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23, 2015; 18:25 GMT
Is there something cleaner and cheaper than Solar?
Within months, hopefully, we will see 5 kW AuKW generators, 5 kW GDS
generators. And on the utility-scale end, we'll see KPP plants, E-Cat cold
fusion generators, and ERR Fluxgenerator systems available. Not to mention the
wild card QMoGens that come in just about any size.
|I composed this question for Quora, so it's written to an audience not yet
familiar with any of these technologies.
Pure Energy Systems News
Solar has made
tremendous progress in becoming available and affordable. However, it is still
on the expensive side; and the creating of solar panels, unfortunately, has some
Fortunately, there are many
new methods of harnessing the wheelwork of nature that are in process of
emerging that will be not only cheaper
than solar, but some are likely to be cheaper than conventional energy
sources from the grid, so they will be a no-brainer to purchase. Most of these
are also cleaner
We track the best emerging energy technologies at Top
5 Exotic Free Energy Technologies
We also track those that are already
Exotic Free Energy Technologies For Sale. (Full disclosure: We do have
commission relationships with most of these. Mention PES
[Pure Energy Systems] for a possible discount.)
Because there are capital costs involved, there are likely financing
opportunities that will accompany these purchases, so that you could sign onto a
contract for x (e.g. 3-5 years) to pay $y/month, which will be cheaper than what
you're paying now for energy on a monthly basis; then after x years, the device
is yours. After that, all you'll need to pay for will be occasional maintenance,
which costs will be small compared to your present energy bill.
example, there's a company in Austria, Gesellschaft
fόr autarke Energie, Technische Innovationen & Altruismus (Gaia-Energy
-- Global Association for Independent Energy & Altruism), that is
putting the final touches and testing on a 5
kW AuKW Home Power Generator. The ROI is around 5 years for that one.
While it's smaller than solar (the panels alone would cover more than 6 square
meters [nearly 70 square feet]), the AuKW is still fairly clunky, with a 4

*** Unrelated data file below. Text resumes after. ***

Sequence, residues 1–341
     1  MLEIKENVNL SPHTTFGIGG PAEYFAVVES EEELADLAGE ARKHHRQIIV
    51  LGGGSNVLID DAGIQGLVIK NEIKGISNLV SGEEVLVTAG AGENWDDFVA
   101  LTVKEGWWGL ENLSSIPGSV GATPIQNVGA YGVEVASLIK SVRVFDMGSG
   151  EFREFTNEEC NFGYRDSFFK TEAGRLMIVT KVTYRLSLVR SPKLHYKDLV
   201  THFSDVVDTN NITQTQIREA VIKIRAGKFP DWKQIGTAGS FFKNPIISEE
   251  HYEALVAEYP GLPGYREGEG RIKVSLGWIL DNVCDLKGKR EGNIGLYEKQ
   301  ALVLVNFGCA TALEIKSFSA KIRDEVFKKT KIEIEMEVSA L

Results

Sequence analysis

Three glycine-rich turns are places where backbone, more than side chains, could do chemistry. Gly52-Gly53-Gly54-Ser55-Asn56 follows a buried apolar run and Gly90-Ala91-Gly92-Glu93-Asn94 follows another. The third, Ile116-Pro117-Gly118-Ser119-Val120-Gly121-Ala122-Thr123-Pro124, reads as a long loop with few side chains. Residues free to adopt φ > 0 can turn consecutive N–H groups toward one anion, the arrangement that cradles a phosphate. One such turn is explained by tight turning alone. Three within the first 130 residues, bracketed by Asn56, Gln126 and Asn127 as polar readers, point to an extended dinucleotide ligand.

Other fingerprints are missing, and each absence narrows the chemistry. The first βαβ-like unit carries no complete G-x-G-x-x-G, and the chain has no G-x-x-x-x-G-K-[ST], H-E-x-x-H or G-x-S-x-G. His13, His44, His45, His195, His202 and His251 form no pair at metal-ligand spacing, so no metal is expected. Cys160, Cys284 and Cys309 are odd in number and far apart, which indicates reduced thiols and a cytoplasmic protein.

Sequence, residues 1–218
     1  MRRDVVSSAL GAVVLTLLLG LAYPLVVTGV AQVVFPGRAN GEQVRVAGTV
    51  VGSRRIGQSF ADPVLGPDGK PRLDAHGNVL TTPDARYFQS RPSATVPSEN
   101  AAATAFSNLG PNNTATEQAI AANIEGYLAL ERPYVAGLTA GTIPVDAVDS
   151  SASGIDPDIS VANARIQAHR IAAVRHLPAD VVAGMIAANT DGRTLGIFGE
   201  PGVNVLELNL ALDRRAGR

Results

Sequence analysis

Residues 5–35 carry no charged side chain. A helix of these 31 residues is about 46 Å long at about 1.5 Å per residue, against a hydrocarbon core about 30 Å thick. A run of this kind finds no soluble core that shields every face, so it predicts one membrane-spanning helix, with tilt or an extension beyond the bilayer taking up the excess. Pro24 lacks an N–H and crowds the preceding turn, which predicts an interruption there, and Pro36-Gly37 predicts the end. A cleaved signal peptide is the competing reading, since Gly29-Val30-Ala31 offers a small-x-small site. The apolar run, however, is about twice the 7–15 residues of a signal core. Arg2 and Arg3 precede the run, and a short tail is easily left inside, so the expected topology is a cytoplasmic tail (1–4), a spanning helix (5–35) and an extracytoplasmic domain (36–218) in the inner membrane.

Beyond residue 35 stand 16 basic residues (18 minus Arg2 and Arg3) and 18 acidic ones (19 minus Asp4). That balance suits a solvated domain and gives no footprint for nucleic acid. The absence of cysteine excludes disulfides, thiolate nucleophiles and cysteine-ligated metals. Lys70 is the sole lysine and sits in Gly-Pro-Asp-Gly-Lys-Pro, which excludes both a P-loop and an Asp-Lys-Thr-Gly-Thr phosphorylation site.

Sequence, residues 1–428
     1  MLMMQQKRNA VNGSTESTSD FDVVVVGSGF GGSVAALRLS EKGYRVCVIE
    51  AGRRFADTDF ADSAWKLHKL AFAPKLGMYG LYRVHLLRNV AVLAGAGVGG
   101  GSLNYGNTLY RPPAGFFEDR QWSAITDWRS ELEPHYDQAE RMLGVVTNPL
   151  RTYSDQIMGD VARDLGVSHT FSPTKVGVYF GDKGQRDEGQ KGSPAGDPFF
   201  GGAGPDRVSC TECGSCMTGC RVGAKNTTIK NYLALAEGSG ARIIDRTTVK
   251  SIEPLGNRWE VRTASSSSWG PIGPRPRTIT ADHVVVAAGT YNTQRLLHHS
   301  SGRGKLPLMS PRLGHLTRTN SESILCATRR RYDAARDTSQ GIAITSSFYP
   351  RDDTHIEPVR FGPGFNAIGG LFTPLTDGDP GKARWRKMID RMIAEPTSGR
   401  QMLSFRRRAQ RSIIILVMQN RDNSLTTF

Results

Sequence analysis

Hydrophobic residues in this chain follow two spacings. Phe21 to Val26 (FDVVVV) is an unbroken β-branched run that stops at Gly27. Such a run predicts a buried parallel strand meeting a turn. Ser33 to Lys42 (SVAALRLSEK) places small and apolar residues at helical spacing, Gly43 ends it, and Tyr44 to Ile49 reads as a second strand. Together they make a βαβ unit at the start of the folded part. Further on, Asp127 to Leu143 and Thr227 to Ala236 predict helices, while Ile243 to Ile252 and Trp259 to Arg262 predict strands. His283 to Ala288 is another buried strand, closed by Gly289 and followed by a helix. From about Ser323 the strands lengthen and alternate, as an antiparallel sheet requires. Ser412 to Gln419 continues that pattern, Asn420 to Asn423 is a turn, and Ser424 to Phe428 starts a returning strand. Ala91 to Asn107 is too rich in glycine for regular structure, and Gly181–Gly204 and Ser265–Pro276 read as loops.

meters tall tank of water. But it's much cleaner than solar, and it can produce
full power 24/7/365, rather than just when the sun is shining. (It is also able
to scale back on the power production if you don't need the full 5 kW.)
This technology originated with Rosch Innovations
our feature page) of Germany. Rosch is focused on selling utility-scale
applications between 5 MW and 100 MW. Power Plant purchases are 100%
guaranteed and backed by a well-known agency with hundreds of billions of
Euros in assets, so there is no risk in purchasing. If the system doesn't
perform to contract specifications, you get a refund per the contract terms.
Their system has also been performance certified by TάV.
Dr. James Schwartz's
solid state technology that harnesses the Earth's magnetic field, has
seen multiple prototypes and sizes over the years, and nearly made it to market
in 2002, with 20,000 units built with outputs of 300W and 900W; but they were
confiscated by the Japanese government.. The energy density of these
systems is the highest of anything I know. I'm not permitted to disclose just
how compact these systems could be (are, in the case of prototypes). They
presently have several prototypes that can be tested by qualified parties; but
they are focusing on utility-scale output, for now, beginning at 1 MW,
with construction under way. Their price point is likely to be cheaper than grid
One of the most exciting technologies to follow has been Adrea Rossi's E-Cat
cold fusion (LENR) system, now awarded a U.S. patent. His technology was
purchased by Industrial Heat, which is part of a multi-billion dollar fund that
did a year's due diligence on the E-Cat technology, which has now been running a 1 MW test
plant for several months, and could be ready to go into production as soon as
March 2016. This technology involves no radiation, before, during, or after the
reaction. All components are benign. These industrial systems are likely to be
cheaper than grid power.
The technology I presently have as #1 in our Top 5 listing is something I coined
a "QMoGen" in which a smaller motor
powers a larger generator, which loops back to keep the motor turning while also
producing copious excess energy for consumption; because somehow it sets up some
kind of resonance with the environment to pull in that excess energy. We've
encountered over 50 independent groups from 17 different countries that have
build systems along these lines, from a small phone charger to a half a megawatt
system. Because these typically use off-the-shelf components, slightly modified,
they are not likely to be very expensive. Once these get into mass production,
the price is likely to be cheaper than grid power. And because they use standard
equipment, it shouldn't be that difficult to establish distributed manufacturing
plants around the world.
Technologies in Toronto, Canada, is working on rolling out manufacturing of
5 kW generators, expected to cost $5000 USD, with estimated arrival to be in the
second quarter of 2016. That's a little on the pricey side, compared to solar,
but unlike solar, it's not dependant on the sun being out. This Pelton wheel
technology, that is ESA Certified (for safety), would be about the size of a
standard 5 kW genset, doesn't use any exotic materials.
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